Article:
As a fan of the X-Men comics, I don't mind admitting that seeing X-Men: Apocalypse was an absolute blast, and it even garnered praise from a Marvel Civil War writer. For me, it was the first X-Men film to truly feel like the comics I grew up with, and the experience was a joy. That said, despite its high box office earnings, it's hardly a perfect film, as fans and critics have pointed out. There are at least two gaping plot holes. So, in the finest tradition of Marvel Comics, here I'm going to look at those plot holes and try to find a way to resolve them!
Plot Hole One: The Prisoners
When Josh Helman's William Stryker enters the film, it's to devastating effect. He arrives at a ruined mansion and uses a sonic bombardment to cripple the mutants. Then, he leaves with the prisoners: Nicholas Hoult's Beast, Jennifer Lawrence's Mystique, Rose Byrne's Moira MacTaggert, and Evan Peters's Quicksilver.
Of course, he's made a mistake. Three mutants — Tye Sheridan's Cyclops, Sophie Turner's Jean Grey, and Kodi Smit-McPhee's Nightcrawler — had separated from the others. With Jean hiding them from the soldiers' view, the three young X-Men are teleported aboard Stryker's helicopter and make the trip to Alkali Lake with the older heroes.
Here's where it all falls apart. When they teleport aboard, they're in the same cell compartment as the others. Stryker then activates some sort of inhibitor field, neutralizing all powers in this part of the helicopter. As a result, Jean can't get into anybody's mind and Nightcrawler can't teleport anybody out. It's an essential detail to explain why the kids don't just teleport the older mutants out but instead have to travel to Alkali Lake.
The next thing we see is that the older mutants are transferred to cells, and the younger superheroes have escaped to wander round the base (Jean using telepathy to prevent soldiers seeing them). Given that they were powerless, how is it the soldiers didn't see the young X-Men when they went to get out their prisoners?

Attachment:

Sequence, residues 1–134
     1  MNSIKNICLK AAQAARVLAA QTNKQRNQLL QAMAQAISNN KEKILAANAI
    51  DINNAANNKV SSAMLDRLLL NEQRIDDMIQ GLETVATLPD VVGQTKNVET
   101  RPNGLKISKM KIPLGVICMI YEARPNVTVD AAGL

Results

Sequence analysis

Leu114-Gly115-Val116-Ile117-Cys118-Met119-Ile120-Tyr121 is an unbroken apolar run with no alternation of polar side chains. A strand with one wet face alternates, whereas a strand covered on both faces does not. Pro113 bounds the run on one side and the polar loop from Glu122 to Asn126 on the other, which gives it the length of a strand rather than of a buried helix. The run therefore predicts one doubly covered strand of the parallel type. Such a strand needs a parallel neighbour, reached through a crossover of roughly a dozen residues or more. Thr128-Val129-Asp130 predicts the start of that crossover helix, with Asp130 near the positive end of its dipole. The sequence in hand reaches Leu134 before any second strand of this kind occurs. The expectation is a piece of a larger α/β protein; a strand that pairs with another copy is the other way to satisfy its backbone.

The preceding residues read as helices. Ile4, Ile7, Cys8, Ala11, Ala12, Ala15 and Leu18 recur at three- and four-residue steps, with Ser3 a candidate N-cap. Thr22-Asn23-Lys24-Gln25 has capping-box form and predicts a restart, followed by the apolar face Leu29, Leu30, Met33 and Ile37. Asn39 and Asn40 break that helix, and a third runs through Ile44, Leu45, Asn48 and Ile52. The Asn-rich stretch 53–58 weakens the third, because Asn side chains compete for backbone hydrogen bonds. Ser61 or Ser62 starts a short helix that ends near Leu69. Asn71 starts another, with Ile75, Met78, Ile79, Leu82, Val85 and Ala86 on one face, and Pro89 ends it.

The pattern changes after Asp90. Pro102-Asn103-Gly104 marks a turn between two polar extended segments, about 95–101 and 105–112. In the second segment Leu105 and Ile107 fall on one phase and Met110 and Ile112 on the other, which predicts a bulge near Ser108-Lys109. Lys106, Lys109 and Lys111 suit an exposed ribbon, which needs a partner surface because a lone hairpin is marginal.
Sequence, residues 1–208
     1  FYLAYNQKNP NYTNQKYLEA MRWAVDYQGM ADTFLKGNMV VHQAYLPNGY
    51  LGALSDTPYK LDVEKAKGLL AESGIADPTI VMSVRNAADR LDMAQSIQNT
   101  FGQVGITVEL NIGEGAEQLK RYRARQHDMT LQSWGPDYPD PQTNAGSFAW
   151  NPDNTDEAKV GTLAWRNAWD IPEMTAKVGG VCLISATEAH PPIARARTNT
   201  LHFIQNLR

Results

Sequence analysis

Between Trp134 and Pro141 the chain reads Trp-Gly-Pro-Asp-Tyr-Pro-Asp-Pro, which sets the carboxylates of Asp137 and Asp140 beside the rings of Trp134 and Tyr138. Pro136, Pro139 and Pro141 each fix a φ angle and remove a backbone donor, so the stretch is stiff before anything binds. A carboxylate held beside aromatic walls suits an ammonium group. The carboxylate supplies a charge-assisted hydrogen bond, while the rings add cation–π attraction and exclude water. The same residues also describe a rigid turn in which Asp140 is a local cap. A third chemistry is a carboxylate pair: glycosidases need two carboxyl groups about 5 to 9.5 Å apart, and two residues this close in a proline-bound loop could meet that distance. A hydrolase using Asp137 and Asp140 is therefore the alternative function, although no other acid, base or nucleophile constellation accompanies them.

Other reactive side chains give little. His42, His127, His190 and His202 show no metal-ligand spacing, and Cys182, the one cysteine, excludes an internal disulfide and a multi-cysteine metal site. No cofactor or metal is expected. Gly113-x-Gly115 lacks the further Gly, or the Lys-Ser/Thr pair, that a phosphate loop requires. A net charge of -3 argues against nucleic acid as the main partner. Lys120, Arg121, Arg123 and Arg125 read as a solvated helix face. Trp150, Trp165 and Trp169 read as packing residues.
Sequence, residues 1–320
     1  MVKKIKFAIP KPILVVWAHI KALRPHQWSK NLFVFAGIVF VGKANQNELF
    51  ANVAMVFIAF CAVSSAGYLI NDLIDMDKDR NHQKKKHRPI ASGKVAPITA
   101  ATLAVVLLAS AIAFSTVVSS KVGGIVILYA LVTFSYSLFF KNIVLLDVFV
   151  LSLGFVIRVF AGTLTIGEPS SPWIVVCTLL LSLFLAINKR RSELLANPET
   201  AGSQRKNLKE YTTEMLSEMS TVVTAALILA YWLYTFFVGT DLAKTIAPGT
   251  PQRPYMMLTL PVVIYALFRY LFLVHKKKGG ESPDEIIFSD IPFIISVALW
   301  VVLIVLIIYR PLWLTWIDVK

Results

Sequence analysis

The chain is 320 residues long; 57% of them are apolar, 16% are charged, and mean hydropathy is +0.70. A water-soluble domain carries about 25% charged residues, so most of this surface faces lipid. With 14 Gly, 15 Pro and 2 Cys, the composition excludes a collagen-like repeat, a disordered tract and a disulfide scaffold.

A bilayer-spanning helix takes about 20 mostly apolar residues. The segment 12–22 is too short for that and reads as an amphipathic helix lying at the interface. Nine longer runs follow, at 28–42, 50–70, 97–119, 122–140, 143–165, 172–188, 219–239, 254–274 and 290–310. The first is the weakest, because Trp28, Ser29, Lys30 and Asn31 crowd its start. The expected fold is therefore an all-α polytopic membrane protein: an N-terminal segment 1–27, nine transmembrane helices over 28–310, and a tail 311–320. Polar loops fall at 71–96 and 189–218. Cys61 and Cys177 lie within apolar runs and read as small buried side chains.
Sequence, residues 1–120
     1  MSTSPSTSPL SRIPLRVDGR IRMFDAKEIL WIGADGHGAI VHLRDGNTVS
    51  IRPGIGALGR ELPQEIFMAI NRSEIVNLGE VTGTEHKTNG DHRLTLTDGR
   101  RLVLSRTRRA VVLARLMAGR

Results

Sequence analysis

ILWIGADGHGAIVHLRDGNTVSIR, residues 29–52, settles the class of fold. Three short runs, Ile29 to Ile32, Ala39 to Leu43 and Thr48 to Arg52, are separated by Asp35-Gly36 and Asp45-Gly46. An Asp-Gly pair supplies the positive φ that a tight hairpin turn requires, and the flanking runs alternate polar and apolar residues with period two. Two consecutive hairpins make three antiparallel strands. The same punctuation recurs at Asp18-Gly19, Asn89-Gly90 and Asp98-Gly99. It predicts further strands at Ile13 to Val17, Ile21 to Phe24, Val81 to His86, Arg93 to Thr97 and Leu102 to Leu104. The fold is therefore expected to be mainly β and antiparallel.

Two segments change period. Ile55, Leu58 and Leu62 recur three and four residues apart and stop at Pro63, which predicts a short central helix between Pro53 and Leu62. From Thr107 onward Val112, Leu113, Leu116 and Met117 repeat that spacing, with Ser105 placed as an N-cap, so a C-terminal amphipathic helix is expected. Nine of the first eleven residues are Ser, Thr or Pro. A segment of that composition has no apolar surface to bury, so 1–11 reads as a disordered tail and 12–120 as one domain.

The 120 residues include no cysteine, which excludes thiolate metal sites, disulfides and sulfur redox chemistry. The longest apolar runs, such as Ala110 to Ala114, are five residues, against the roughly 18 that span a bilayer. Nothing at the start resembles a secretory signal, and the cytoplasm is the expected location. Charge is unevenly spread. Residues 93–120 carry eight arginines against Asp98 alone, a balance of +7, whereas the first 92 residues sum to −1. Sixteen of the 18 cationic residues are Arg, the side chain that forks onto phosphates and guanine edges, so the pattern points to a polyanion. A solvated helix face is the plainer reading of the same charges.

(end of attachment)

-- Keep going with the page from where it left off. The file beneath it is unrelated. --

My No-Prize Bid
Here's an explanation. I'm going to presume that part of the cell-system is an electrified cage (analogous to the cage fights earlier in the film). So the soldiers wouldn't be going into that compartment while the cell-system was active. Instead, when they arrive at Alkali Lake, they check whether the restraints are still in place electronically. Seeing that they are, they turn off power to that system in order to take out their prisoners. The younger X-Men, able to use their powers again, get off quickly.
I don't mind admitting that it's a clumsy solution, but it works.
Plot Hole Two: Apocalypse's Goal
Unfortunately, that's not the biggest plot hole. The biggest is undoubtedly Apocalypse himself, whose goal is to destroy a corrupt world-system and create a world where only the strong will survive. He intends to achieve this through Magneto's devastating blitz on the planet.
Unfortunately, this strategy is kind of weird. Michael Fassbender's Magneto simply wants to make the world pay for everything it has cost him, and he lashes out in grief and rage. It's not entirely clear what he's doing tapping into all the metal in the world, unleashing it in a devastating storm across the planet, flipping the Earth's magnetic poles, take your pick. But it's pretty clear Magneto intends no one to survive.
It doesn't matter if you're human or mutant. If you're caught in the metallic storms engulfing cities across the planet, you're dead. Oscar Isaac's Apocalypse wants there to be "strong" survivors, but the only survivors will be people who live in remote areas — regardless of their strength. Why is he having Magneto do this?
My No-Prize Bid
I think that, by this point, Apocalypse has become fascinated by Jean Grey's visions — he glimpses them through Xavier's memories. As a result, he's no longer acting in accordance with his own desires. He believes he's simply fulfilling a prophecy. And he sees the world end in fire.
All of this means that Apocalypse has lost all perspective. He's playing the role he believes that he must, ushering in the end of the world. He's simply assuming that the strong will survive that.
So there you have it! Two major plot holes in X-Men: Apocalypse explained! In the fine tradition of Marvel Comics, I'm making my No-Prize bids!